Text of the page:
Support for Scottish independence has fallen following a TV debate this week and the campaign to split the United Kingdom will need a dramatic turnaround if it is to win a forthcoming referendum, the latest poll shows. 

The Survation poll for the Scottish Daily Mail newspaper said 50 per cent of respondents planned to vote against independence in a ballot due on September 18 that will decide whether Scotland breaks its 307-year union with England.

It was the highest level of support for remaining part of the United Kingdom in all Survation polls since February.

By contrast, just 37 percent said they planned to vote for a split while 13 per cent said they were undecided. Excluding undecided voters, support for independence stood at 43 per cent against 57 per cent in favour of the union.

It’s a pity in a way. I think England might do better without Scotland dragging it down. Don’t get me wrong – Scotland is a great country, but they chew up more than their share of UK expenditure.

A 38% probability the story is about nothing

February 21st, 2014 at 9:00 am by David Farrar

Stuff has a story from Reuters which says:

Support for Scottish independence rises

I got excited. There must have been a big movement in the polls. So I read the story.

The first opinion poll since Britain’s rulers warned Scots they would lose the pound if they voted to leave the United Kingdom showed a slight increase in support for independence ahead of a referendum on the issue scheduled for September 18.

Slight? So it wasn’t 5%. Maybe 4%? I presumed it a significant amount as Reuters has done an entire story on this.

A Survation/Scottish Daily Mail poll carried out on February 17 and 18 of 1,005 people found 37.7 percent support independence, which it said could be compared to 36.9 percent recorded in a PanelBase/Sunday Times poll carried out on January 29-February 6.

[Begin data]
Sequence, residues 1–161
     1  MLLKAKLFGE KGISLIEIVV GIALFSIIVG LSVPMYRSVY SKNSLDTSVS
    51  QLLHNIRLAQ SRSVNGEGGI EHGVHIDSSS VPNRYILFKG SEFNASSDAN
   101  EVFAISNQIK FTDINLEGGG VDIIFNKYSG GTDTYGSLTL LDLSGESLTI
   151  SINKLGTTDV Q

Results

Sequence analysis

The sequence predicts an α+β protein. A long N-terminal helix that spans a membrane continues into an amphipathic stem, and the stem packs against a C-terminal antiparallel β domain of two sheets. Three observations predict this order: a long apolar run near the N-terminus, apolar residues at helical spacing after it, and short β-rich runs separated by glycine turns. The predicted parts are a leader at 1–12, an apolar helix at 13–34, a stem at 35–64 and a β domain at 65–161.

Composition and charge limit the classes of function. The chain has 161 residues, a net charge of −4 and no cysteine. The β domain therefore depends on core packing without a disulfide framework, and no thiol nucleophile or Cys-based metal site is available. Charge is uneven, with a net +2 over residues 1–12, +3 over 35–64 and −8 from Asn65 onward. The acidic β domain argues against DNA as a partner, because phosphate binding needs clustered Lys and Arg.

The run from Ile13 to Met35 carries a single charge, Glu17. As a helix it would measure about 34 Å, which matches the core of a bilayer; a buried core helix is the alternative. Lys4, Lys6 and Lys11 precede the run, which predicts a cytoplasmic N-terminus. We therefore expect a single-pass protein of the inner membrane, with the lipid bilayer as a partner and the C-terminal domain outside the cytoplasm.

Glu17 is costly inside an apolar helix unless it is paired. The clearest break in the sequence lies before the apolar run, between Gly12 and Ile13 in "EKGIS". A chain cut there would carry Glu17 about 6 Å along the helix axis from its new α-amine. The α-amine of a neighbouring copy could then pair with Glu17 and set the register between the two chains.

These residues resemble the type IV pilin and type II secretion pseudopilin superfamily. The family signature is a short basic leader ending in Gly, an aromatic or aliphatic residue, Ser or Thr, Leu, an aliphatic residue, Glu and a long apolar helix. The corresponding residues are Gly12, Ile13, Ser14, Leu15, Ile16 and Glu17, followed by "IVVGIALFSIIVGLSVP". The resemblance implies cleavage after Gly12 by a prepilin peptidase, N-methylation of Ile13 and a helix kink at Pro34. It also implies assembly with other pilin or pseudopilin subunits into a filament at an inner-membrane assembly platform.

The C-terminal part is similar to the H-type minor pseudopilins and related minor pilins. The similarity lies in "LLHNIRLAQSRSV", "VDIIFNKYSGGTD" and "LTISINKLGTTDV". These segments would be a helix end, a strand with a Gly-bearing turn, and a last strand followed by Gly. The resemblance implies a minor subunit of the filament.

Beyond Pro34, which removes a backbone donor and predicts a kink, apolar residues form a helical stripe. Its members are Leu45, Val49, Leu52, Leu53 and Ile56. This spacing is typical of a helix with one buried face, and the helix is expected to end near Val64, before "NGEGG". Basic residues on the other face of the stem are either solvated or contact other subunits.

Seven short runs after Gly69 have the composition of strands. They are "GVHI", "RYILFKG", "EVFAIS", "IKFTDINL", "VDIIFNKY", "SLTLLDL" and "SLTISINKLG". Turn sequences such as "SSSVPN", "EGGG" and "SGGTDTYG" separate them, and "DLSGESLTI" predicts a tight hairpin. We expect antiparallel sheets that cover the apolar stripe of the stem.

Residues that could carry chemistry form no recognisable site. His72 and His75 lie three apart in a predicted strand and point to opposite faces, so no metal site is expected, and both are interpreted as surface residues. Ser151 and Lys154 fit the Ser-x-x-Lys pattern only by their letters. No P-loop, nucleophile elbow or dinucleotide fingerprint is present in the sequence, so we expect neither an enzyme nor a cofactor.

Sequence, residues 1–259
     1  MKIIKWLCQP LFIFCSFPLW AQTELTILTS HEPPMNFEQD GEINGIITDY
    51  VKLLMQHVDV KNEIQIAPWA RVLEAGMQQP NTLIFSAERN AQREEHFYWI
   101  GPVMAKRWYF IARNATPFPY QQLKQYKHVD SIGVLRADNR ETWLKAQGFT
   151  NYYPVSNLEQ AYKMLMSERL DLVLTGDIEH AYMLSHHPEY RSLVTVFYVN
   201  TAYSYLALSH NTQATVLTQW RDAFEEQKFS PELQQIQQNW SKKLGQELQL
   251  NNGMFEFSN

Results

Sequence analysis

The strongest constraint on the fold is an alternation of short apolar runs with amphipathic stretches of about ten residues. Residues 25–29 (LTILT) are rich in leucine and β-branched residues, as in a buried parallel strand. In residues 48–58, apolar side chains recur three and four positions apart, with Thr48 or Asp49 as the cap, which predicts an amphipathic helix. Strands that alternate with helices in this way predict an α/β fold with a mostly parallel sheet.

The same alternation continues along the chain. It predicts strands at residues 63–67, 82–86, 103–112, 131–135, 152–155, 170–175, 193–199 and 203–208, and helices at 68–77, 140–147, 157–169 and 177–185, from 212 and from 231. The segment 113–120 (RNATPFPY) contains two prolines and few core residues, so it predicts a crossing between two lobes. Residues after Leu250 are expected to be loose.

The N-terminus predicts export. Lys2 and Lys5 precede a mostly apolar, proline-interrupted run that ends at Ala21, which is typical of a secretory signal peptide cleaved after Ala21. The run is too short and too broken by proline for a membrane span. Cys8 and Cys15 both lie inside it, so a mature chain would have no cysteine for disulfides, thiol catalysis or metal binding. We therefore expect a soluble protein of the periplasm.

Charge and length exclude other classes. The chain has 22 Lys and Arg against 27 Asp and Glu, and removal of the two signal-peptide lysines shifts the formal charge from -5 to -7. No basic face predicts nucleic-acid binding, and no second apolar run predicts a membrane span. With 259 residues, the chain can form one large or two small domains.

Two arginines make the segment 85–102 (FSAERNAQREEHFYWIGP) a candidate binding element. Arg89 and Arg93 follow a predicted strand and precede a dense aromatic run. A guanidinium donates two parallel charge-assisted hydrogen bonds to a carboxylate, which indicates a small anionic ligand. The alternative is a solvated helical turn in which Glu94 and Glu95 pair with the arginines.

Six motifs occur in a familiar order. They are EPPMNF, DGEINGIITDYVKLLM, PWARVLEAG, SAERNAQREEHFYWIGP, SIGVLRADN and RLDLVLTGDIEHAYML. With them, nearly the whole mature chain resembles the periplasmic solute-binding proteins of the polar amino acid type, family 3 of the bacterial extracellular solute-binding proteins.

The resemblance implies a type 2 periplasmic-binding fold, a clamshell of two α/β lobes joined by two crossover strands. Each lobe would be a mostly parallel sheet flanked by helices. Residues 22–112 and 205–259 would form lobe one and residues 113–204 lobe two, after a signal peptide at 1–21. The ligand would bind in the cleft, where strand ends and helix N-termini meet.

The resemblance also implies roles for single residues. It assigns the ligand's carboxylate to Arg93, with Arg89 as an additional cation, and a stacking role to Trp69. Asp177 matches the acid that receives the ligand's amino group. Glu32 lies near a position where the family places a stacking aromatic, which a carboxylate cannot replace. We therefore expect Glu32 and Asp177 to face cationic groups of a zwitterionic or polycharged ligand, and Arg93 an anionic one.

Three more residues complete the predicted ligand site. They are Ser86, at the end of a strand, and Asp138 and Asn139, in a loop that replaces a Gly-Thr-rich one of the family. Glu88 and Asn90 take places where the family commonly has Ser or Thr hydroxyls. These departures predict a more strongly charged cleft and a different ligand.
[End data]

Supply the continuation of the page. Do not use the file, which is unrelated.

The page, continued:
First of all comparing the results of one company to the results of another, to declare a change is bad enough. But even if the results were from the same company, is an increase of 0.8% significant?

My probability calculator tells me the two results mean that there is a 61.6% chance the second poll is actually higher than the first poll To turn that around, there is a 38% chance there has been no increase at all.

Hardly worth a story.

Personally I don’t think Scotland voting for independence would be a bad thing for England. But anyway the point is that Reuters have written a story about pretty much nothing.

Would the Tories mind losing?

February 11th, 2013 at 2:00 pm by David Farrar

Reuters reports at Stuff:

Cameron’s political future and historic legacy are on the line. He has pledged to contest the next British general election in 2015 and his own Conservative party would never forgive him if he presided over the break-up of a United Kingdom comprising England, Scotland, Wales and Northern Ireland.

On the contrary many Conservatives would love Scotland to leave the UK.

In 2010 The Conservatives got 1 seat out of 59 in Scotland. With Scotland they were 306 out of 650 – a minority. Without it they would be 305 out of 591 – a majority.

In October 1974 the Conservatives got 16 out of 71 in Scotland and Labour got 41. With Scotland Labour won on 319 out of 635. Without Scotland Labour would not have had a majority and the Conservatives may have been able to govern.

In February 1974 the Conservatives got 297 seats, Labour 301 out of 635. Without Scotland it would have been Conservatives 276, Labour 261 out of 564. The Conservatives would have been given first chance to govern.

In 1964 the Conservatives got 304 seats, Labour 317 out of 630. Without Scotland it would have been Conservatives 281, Labour 273 out of 559 and a Conservative Government.

Opinion polls suggest support for independence has stalled. The latest put it at 32 per cent and opposition at 47 per cent. But Cameron and politicians from other parties remain nervous.

If the economy was stronger, independence would have a better chance. But people want security when times are tough. Hence a change is unlikely.

Some Scottish friends have suggested to me the eventual shape of the UK will be as a Federation of four countries.

Misleading Scotland

October 29th, 2012 at 11:00 am by David Farrar

The Guardian reports:

Alex Salmond has been accused of misleading voters about the legal advice given to his government about the right of an independent Scotland to join the European Union.